Senior couples often count on income from their Social Security benefits to help finance retirement. This is especially true for those who didn’t have a dual-income household—a common situation among older adults. For the baby boom generation, even if the wife worked outside the home, the family typically relied on the husband’s higher wages
When the primary wage earner passes away, the surviving partner can feel anxious about how their Social Security benefits will change. They may also be left with many questions about how the Social Security spousal benefit works.
Here’s what retirees and their families should know.
Spousal Benefits and Social Security
1. Spousal benefits:
A spouse who didn’t work, or didn’t work enough to qualify for Social Security benefits, typically receives monthly spousal benefits if their partner is retired or disabled. These are in addition to the benefits their wage-earning partner collects. If the working partner passes away first, the surviving spouse will transition from spousal benefits to survivor benefits.
2. Survivor benefits:
Social Security survivor benefits are paid monthly after the wage earner has died. A widow or widower who is at least 62 years old will likely be eligible to receive them. It’s important to know, however, that a surviving spouse isn’t the only family member who may qualify. Others who may be eligible for survivor benefits are:
- A widow or widower caring for a child of the deceased wage earner, if the child is under 16 years old
- The deceased’s unmarried children who are under 18 years old (older if they have a disability)
3. Payment amounts:
If the surviving spouse qualifies for their own retirement benefits and for spousal benefits, Social Security will pay the survivor’s own benefit first. If the amount of the spouse’s survivor benefit is higher than their own retirement benefits, Social Security will award a combination of benefits equal to the higher amount.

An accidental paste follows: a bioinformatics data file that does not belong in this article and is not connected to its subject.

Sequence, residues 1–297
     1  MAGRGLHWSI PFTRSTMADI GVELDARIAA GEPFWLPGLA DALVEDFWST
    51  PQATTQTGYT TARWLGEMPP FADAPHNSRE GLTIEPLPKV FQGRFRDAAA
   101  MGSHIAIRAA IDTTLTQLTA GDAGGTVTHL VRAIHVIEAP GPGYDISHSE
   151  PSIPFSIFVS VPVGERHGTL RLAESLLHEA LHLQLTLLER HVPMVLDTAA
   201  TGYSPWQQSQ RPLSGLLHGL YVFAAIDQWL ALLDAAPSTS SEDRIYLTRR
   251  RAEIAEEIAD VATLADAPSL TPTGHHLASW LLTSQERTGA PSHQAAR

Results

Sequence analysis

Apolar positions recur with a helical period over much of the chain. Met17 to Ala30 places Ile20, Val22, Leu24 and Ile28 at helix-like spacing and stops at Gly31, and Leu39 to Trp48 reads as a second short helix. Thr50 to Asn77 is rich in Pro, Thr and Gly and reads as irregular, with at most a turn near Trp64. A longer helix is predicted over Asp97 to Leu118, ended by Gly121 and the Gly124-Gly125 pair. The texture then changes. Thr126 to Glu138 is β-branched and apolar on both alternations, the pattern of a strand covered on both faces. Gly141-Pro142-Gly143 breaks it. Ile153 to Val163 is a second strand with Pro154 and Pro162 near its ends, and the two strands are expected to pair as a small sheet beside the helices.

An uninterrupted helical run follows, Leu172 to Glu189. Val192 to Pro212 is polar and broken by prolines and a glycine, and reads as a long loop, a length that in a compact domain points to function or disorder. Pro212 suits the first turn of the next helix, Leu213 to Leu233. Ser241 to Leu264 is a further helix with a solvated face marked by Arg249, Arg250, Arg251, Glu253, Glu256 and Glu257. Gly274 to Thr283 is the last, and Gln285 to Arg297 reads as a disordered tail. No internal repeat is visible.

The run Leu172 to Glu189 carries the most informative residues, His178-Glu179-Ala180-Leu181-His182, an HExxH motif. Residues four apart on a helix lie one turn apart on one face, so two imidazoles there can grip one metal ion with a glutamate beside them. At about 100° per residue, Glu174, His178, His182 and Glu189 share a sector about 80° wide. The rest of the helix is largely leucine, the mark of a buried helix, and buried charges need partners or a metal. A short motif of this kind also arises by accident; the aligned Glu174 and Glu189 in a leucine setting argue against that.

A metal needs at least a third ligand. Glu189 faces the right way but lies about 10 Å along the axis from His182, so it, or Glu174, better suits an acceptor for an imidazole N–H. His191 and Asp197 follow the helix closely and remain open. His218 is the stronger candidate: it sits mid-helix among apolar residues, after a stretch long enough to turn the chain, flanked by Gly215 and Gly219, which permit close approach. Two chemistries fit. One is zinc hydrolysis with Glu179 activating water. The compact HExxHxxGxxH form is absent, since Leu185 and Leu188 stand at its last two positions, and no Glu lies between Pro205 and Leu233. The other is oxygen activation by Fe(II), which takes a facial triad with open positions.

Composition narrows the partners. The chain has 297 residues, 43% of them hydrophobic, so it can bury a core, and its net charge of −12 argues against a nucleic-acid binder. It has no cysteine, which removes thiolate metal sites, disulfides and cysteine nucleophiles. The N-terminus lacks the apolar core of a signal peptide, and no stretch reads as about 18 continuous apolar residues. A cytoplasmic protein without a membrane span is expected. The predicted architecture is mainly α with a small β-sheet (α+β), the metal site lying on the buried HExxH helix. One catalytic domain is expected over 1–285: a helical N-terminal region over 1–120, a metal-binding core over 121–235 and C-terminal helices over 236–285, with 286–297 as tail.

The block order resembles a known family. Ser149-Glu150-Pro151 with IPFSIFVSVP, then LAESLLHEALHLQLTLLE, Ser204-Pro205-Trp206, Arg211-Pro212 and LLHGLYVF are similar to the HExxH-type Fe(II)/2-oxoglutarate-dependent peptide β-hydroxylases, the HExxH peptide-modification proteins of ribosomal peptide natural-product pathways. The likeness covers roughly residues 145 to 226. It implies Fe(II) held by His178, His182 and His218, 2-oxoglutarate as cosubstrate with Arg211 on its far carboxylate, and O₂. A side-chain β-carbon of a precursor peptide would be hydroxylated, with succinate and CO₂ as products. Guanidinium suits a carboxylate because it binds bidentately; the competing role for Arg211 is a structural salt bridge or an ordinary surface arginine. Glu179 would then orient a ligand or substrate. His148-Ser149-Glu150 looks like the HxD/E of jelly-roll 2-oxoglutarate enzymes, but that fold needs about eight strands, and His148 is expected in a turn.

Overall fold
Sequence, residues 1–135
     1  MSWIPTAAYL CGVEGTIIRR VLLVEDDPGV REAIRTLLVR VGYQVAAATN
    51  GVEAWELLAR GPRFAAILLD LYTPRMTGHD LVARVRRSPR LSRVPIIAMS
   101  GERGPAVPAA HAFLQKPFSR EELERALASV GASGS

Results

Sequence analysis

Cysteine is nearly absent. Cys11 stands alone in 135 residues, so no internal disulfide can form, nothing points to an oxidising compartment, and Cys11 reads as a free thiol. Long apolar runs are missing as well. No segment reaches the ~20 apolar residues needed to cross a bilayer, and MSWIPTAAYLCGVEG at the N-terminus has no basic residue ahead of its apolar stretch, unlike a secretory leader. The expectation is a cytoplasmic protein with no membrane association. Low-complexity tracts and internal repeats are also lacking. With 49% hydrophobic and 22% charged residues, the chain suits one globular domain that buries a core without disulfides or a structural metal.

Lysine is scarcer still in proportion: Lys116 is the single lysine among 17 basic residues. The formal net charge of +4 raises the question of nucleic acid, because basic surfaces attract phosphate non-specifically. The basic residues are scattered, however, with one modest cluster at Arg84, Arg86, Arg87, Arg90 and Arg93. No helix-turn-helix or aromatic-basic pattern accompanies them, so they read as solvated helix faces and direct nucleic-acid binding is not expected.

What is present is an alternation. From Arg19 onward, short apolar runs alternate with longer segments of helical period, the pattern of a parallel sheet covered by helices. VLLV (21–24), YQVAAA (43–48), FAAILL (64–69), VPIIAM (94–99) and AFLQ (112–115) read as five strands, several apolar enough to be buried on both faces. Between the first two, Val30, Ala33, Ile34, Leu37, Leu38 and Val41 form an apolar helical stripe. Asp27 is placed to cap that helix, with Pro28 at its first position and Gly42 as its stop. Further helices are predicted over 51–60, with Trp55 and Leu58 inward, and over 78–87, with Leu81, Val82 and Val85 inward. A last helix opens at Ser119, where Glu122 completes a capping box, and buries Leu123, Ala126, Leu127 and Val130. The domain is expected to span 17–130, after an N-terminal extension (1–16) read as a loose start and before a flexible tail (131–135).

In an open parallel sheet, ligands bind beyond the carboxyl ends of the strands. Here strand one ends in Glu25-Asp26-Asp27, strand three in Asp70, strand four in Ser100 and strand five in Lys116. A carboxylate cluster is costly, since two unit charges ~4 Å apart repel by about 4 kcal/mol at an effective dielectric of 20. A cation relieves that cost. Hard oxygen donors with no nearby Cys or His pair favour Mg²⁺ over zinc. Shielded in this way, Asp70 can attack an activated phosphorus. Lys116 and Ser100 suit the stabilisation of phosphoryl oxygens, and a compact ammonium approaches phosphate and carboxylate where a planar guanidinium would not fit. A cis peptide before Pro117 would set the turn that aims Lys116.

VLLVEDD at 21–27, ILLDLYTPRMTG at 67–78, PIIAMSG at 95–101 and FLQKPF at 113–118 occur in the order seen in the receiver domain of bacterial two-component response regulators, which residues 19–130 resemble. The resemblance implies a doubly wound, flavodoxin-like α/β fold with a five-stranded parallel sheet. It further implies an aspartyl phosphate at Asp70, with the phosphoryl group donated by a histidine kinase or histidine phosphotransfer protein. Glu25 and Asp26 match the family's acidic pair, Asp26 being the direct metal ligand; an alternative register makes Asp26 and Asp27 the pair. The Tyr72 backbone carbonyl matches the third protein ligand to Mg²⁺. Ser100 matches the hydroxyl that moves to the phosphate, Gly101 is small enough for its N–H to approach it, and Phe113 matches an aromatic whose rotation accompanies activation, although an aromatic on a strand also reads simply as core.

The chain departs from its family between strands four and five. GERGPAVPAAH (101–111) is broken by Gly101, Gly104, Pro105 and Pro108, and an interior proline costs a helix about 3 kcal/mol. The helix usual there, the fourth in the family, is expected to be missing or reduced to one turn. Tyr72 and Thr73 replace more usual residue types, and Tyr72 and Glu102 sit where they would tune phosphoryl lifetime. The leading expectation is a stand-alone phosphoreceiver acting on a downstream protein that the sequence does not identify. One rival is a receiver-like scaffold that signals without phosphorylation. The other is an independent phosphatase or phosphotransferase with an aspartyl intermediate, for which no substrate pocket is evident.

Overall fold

4. Maximum family benefit:
There is a cap on how much families can receive if the primary wage earner passes away. It is based on the wage earner’s benefit amount and the number of people in the family who qualify. Social Security says that amount is generally between 150% and 180% of the deceased’s full retirement benefit.
While there are a few exceptions, these are the general guidelines and rules regarding survivor benefits.
Applying for Survivor Benefits
There are three ways to apply for Social Security benefits:
Financing a Senior Living Community
If you are a surviving spouse considering making a move to a senior living community, finances may be a leading concern. We know Social Security is one resource older adults count on to finance a move to a senior housing community. Senior Housing Payment Options can help you explore others.
We also encourage you to call one of our experienced senior care advisors at 888-514-6461. Their advice is always free for families!
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